- Repeat the same process for the fifth and fourth strings, and the fourth and third strings.
- To tune the second string (B string), play the harmonic on the seventh fret of the sixth string (low E string). This pitch is the same as that of the open B string. Tune until the two notes are even.
- To tune the first string (high E string), play the harmonic on the seventh fret of the fifth string (A string). Turn the tuning peg on the first string until you get a match between the two notes.
Tune your guitar using another instrument
This method is similar to the “Fifth Fret” Technique – play a note on the instrument that corresponds to a specific string on the guitar. Listen carefully and adjust the tuning peg until the tones are entirely equal. We have prepared a great guide on How to tune your guitar with a piano, make sure to check it out.
Tune your guitar using your favorite song
If you enjoy a song that includes all the chords, you can use it to tune your guitar.
Combine the key of this song with the “Fifth Fret” Technique for even easier and more efficient tuning.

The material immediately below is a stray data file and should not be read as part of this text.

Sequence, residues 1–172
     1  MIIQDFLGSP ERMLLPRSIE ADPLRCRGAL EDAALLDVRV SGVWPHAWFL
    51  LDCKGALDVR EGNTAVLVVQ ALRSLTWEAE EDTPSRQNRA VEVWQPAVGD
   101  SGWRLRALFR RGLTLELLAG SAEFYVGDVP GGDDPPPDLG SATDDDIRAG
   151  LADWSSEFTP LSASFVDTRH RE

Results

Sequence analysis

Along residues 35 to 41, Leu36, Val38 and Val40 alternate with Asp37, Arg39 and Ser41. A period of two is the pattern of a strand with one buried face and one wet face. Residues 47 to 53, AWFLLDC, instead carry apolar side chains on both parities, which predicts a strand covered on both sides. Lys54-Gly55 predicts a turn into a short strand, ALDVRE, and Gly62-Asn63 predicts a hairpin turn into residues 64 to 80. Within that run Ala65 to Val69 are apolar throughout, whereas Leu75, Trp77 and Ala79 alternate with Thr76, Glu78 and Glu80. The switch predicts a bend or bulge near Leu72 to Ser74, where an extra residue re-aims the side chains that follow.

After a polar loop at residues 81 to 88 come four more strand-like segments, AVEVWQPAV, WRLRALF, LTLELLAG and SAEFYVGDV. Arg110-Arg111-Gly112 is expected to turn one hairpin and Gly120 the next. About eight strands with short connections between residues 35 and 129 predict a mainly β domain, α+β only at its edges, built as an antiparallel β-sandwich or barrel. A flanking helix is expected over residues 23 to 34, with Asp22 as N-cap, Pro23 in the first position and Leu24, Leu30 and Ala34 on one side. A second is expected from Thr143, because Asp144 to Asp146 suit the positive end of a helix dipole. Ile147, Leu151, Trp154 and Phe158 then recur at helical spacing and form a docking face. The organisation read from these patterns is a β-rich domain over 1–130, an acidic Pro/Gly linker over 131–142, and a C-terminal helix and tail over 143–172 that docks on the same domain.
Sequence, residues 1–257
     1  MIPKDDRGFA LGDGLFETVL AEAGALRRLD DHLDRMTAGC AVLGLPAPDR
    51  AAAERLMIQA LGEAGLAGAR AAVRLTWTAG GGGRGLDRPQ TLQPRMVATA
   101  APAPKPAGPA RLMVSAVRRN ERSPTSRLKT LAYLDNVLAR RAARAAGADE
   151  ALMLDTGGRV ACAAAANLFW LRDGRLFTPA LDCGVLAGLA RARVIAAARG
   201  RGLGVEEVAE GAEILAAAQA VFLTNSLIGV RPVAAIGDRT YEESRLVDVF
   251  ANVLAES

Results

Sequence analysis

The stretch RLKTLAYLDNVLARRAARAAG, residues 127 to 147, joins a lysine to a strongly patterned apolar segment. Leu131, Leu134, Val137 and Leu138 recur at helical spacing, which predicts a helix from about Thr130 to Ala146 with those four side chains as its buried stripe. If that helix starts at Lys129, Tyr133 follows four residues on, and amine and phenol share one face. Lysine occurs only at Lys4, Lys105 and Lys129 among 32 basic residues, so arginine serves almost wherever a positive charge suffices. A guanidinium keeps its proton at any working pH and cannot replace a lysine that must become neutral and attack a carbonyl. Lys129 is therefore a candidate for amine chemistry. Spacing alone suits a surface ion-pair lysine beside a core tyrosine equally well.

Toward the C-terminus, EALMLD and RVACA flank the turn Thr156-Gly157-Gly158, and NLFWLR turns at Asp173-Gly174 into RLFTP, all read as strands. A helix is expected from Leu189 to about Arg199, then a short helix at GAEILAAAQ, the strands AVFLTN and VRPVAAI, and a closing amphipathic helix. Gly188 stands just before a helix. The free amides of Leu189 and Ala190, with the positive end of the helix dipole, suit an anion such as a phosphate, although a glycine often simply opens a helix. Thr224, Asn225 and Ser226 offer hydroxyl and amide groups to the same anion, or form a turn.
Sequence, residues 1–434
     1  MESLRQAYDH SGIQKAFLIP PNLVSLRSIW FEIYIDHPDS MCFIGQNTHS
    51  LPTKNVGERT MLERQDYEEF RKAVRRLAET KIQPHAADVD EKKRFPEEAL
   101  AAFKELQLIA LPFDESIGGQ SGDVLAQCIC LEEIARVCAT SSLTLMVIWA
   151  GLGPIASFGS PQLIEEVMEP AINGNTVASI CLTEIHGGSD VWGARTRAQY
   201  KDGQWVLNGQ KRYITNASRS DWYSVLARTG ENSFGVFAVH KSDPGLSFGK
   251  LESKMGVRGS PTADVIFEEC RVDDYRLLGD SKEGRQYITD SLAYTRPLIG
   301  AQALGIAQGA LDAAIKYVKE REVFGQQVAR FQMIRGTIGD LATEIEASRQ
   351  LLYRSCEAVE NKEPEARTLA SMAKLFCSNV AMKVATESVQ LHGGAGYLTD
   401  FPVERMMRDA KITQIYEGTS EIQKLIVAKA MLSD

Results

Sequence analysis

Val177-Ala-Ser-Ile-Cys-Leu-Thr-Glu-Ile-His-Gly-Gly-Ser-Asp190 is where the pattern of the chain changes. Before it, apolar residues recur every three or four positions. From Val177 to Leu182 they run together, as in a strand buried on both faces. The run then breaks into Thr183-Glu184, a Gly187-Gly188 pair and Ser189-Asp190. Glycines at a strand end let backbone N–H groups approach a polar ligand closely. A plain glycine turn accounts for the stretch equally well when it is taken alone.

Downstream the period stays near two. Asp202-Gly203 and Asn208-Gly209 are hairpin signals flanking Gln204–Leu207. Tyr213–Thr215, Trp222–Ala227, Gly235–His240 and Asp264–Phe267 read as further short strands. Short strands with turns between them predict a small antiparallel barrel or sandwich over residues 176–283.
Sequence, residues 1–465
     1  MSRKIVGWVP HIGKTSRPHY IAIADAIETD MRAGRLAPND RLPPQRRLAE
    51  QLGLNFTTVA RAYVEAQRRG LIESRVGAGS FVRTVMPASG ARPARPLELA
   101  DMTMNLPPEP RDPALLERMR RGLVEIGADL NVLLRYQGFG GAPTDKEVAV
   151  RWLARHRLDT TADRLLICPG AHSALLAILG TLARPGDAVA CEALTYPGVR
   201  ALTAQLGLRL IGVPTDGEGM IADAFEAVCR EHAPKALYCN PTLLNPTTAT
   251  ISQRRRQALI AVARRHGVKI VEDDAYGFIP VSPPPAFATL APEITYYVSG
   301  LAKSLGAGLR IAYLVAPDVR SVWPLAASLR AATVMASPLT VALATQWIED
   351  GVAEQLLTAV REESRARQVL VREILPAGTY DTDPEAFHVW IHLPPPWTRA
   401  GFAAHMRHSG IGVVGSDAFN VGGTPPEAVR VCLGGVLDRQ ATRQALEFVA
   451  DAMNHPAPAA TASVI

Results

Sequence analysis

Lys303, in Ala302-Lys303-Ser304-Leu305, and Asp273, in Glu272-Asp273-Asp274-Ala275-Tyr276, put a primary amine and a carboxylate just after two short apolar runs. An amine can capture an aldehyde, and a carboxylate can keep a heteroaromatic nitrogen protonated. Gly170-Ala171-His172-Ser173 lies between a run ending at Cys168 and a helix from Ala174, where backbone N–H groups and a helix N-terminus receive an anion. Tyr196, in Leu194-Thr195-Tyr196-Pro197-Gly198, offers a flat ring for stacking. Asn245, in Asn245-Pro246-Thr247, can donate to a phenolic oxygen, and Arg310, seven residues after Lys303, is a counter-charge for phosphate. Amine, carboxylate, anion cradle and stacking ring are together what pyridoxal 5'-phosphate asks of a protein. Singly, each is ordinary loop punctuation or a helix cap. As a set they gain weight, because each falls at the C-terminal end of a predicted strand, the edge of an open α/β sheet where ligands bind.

Tune your guitar using a tuning Fork
A standard tuning fork typically vibrates at 440 hertz/second, resembling the A note.
To tune your guitar to this pitch, play the harmonic at the 7th fret of the 4th string (D string) and compare the pitch to the tuning fork. Adjust the tuning peg until they are even.
Tuning forks are also available for other note frequencies.
How to check that your guitar is in tune
It’s essential to check that you’ve tuned the guitar correctly by ear.
- Using a piano – An excellent way to train your ear. Compare each note on your guitar to the corresponding note on the piano.
- Using a tuner – The easiest method, which may tempt you to use it directly instead of tuning the guitar by ear. Resist the temptation and focus on training your hearing. Use the tuner only to verify your tuning. Different types of guitar tuners are available depending on your guitar and preferences.
As mentioned earlier, there are various ways to tune a guitar, and the choice is entirely yours. We advise experimenting and not relying solely on electronic tuners, allowing you to become familiar with your instrument and develop different skills to showcase your talent.
Why does my guitar go out of tune?
Several reasons can cause a guitar to lose its tuning. The most common include:
- Old or poor-quality guitar strings
- Misplaced strings
- The strings are too loose or too tight
- Your playing style
- Worn-out tuning peg
- Excessive humidity and high temperature